Hoy Jun Park Stands Out At Pulaski
BURLINGTON, N.C.—Two Julys ago, the Yankees opened their wallets and made a huge splash in the international market. Of Baseball America’s top 30 prospects for that period, New York snatched […]
Fast Hands In Fort Meade
By Alan Matthews
June 2, 2005
With a population of less than 5,000, it's easy to miss Fort Meade, Fla. But baseball scouts have gone out of their way to find it this spring, in search of the righthanded-hitting center fielder who has shot up the draft charts.
Fort Meade is right in the center of the state, about 70 miles east of St. Petersburg. Phosphate mines employ many of the town's residents, including most of Andrew McCutchen's living and past relatives. It's the kind of place where high school athletes are icons and everyone knows everyone.
"We only have one working stoplight in the whole town," McCutchen said. "I can go out to the main highway, stand in the middle of it and see one side of the town on the left and the rest of it on the other.
"It's the kind of place where if you get into trouble, by the next day it's guaranteed the whole town's going to know about it."
Which has never been much of a concern for McCutchen's father Lorenzo. As a youth minister at the nondenominational church where Andrew sings in the choir, Lorenzo has served as the consummate role model for his son. He grew up in Fort Meade, played college football at Carson-Newman (Tenn.) College, married his high school sweetheart (who played volleyball just down the road at Polk Community College) and settled in his hometown.
Andrew credits his father for instilling in him the character and determination that have not only helped him seize his potential, but also serve as the foundation of a makeup that scouts universally grade as above-average.
With plus makeup to go with outstanding tools, it's no wonder McCutchen is regarded as a likely first-round pick.
"The family has been unbelievable, always willing to talk and they don't care whether you pick first or 100th," an American League scouting director said of the righthanded hitting center fielder. "His personality around his teammates is outstanding. We're talking about really an engaging young man."
As the only Florida player with first-round potential north of Palm Beach County, McCutchen's early-season outings were more popular than the Fort Meade tackle shop on Saturday mornings. Throngs of scouts attended his games and came away impressed.
"There were probably 40 guys in there (at the first game) and he met every expectation," an AL scout said. "And that seldom happens when you have that type of hype surrounding you.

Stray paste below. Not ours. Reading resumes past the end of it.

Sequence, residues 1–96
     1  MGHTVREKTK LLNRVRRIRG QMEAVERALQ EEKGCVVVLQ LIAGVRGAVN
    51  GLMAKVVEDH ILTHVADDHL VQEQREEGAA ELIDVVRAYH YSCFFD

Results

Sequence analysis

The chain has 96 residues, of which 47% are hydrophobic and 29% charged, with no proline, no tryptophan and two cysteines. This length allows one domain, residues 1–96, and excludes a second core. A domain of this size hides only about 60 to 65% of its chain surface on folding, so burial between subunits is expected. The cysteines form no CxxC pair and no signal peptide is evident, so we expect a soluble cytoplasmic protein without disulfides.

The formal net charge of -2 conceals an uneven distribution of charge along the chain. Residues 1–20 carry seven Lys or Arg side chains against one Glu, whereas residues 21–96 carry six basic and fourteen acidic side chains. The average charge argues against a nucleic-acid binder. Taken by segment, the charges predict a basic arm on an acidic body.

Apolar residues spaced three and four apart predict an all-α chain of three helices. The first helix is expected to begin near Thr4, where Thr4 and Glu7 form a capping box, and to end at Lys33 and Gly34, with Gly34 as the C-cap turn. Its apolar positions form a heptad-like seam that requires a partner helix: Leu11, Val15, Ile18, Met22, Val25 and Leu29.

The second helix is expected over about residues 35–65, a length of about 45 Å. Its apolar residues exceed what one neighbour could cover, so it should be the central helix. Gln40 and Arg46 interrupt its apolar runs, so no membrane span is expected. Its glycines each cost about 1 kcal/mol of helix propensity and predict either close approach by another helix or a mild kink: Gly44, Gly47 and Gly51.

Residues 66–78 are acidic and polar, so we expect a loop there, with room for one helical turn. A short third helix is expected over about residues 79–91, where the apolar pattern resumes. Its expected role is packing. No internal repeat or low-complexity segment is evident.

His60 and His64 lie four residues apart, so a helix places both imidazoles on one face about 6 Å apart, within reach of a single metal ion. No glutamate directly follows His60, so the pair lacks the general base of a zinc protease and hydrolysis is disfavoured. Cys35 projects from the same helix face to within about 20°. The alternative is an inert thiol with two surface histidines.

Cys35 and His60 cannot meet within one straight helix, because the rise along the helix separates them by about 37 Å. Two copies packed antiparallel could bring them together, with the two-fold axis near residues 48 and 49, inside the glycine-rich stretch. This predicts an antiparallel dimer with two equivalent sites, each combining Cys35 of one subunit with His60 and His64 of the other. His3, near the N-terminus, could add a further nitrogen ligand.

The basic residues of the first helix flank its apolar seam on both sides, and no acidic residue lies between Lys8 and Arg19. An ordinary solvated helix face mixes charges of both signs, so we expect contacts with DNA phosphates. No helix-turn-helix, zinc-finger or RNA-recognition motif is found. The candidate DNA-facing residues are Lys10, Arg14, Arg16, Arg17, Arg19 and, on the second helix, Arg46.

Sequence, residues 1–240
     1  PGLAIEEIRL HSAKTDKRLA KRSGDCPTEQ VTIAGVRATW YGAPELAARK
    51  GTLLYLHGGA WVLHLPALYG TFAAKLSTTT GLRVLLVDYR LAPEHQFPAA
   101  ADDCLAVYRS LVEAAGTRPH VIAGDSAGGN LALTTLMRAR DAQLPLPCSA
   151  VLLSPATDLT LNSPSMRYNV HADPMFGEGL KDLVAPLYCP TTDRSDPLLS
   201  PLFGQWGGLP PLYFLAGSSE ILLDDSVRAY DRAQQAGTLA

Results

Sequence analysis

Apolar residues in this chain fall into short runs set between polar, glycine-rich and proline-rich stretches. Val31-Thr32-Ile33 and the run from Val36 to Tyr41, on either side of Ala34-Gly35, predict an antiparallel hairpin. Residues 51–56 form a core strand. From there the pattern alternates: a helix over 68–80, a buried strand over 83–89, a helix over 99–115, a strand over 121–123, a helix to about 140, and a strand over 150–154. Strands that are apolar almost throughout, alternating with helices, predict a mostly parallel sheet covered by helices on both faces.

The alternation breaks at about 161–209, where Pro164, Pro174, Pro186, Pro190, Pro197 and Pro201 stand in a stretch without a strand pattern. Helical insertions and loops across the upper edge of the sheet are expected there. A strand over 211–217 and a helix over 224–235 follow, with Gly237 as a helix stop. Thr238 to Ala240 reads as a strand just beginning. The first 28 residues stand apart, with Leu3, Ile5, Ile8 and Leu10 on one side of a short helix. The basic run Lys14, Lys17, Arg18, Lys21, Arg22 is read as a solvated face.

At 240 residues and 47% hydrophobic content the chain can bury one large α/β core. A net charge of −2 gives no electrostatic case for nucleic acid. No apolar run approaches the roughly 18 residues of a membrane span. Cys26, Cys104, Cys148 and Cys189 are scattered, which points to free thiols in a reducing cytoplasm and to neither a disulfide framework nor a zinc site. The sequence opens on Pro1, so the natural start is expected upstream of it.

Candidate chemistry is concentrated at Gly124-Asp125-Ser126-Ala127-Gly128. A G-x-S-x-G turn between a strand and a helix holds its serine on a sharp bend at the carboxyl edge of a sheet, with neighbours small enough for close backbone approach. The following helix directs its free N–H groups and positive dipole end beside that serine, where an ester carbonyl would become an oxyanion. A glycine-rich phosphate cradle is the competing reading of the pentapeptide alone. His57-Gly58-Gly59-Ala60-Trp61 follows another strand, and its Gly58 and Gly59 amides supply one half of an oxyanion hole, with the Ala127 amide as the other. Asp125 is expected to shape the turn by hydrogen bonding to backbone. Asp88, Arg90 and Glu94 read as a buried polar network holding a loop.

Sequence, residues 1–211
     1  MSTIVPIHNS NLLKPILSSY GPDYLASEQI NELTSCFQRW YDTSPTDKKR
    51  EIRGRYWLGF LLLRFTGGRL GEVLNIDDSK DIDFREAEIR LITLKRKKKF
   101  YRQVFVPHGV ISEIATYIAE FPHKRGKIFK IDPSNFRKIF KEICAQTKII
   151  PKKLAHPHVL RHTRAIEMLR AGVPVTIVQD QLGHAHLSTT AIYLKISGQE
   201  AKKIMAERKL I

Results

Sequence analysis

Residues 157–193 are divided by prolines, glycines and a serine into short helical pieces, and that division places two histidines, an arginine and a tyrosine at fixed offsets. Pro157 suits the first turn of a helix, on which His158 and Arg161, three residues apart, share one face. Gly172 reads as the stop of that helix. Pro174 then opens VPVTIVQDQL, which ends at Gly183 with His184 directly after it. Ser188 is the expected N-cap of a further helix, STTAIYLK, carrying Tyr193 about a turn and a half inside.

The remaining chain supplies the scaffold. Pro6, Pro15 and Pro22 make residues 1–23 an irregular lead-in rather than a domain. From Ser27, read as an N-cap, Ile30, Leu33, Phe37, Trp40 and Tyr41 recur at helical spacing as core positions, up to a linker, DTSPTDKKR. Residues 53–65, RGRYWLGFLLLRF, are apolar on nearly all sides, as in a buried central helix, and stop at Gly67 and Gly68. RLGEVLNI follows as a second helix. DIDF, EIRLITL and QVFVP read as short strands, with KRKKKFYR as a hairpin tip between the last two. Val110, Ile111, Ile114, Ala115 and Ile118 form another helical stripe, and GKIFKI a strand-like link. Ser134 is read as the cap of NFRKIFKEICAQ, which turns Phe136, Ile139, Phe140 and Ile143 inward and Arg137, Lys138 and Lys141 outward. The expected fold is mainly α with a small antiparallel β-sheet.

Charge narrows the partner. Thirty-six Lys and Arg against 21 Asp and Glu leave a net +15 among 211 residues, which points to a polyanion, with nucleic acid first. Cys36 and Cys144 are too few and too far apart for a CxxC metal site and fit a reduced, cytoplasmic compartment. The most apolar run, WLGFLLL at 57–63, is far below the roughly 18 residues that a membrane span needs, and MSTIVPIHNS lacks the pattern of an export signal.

"It just lit me up. He takes an amazing batting practice with wood, then he turns around and hits lefthanded for you. Next he goes to center field and throws strikes to every base. He'll come in and play shortstop if you want him to. He's not afraid to show you what he can do."
That night, McCutchen sent the first of 16 home runs he hit this season sailing over a bank of lights and off a greenhouse some 30 yards beyond the left-field fence.
McCutchen, who committed to Florida but is expected to sign if he's drafted in the first round, has two above-average tools in his bat and his speed. His arm is solid and he's shown the aptitude for learning the nuances of center field. At 5-foot-10, his size might keep him out of the top half of the first round for some teams, but others don't see it as a concern.
"Not when you've walked by Hank Aaron and he's 5-10," an AL scouting director said. "You don't want to compare a guy to Hank, but we get fooled into thinking that these Hall of Famers are bigger than they really are.
"He's got the fastest hands and bat in the draft and . . . I don't see the power lacking. With the flexibility he has and the athleticism, he's not going to be around long (on draft day). I'll put a 70 on the bat (on the 20-80 scouting scale), a 70 on the speed and once you get by the little guy stuff, he can shoot the ball out of the ballpark."
Baseball Takes Priority
Fort Meade High didn't make the high school playoffs, going 8-14 with a schedule that saw the team struggle against teams from higher classifications. But McCutchen managed to bat .709-16-42 with eight doubles, three triples, 23 walks and six strikeouts.
It capped a remarkable career at a school that is best known for its football tradition. Fort Meade captured its first state football title this year, finally taking the prize in its fifth trip to the state finals in the last six years. McCutchen was a standout wide receiver before he injured his knee in the open field on a rainy night his sophomore season. It was an injury that made him reflect on his priorities. This was, after all, a player who led the county in batting with a .507 average--as an eighth grader.
McCutchen decided the risk of playing football wasn't worth sacrificing his baseball ambition. While he was recovering from knee surgery, he filled the downtime exploring hobbies he picked up in middle school: drawing and writing poetry.
"It's pretty much a way I can express the way I feel. Just writing or drawing, it calms me. It's something I really love doing," he says.
In one of his favorite poems, "Step Up To The Plate", McCutchen describes a dream he once had, a dream that could soon come true; many times over.
"I'm in my first game in the pros. It's on TV and I'm starting in center field," he says. "And of course it ended with a home run."